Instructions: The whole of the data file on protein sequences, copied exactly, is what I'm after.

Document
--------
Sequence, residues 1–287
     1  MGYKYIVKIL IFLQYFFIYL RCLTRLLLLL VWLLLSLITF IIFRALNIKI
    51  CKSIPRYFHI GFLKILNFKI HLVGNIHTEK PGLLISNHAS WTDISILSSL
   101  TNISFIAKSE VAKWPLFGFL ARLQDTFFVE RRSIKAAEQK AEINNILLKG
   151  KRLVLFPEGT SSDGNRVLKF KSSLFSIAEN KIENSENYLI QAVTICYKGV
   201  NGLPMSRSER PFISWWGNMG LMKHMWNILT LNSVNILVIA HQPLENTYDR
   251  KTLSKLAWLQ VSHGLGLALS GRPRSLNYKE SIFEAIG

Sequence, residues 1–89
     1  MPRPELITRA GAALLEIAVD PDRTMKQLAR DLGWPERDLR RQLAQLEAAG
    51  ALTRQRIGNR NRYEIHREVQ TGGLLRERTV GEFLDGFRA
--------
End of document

Sequence, residues 1–287
     1  MGYKYIVKIL IFLQYFFIYL RCLTRLLLLL VWLLLSLITF IIFRALNIKI
    51  CKSIPRYFHI GFLKILNFKI HLVGNIHTEK PGLLISNHAS WTDISILSSL
   101  TNISFIAKSE VAKWPLFGFL ARLQDTFFVE RRSIKAAEQK AEINNILLKG
   151  KRLVLFPEGT SSDGNRVLKF KSSLFSIAEN KIENSENYLI QAVTICYKGV
   201  NGLPMSRSER PFISWWGNMG LMKHMWNILT LNSVNILVIA HQPLENTYDR
   251  KTLSKLAWLQ VSHGLGLALS GRPRSLNYKE SIFEAIG

Sequence, residues 1–89
     1  MPRPELITRA GAALLEIAVD PDRTMKQLAR DLGWPERDLR RQLAQLEAAG
    51  ALTRQRIGNR NRYEIHREVQ TGGLLRERTV GEFLDGFRA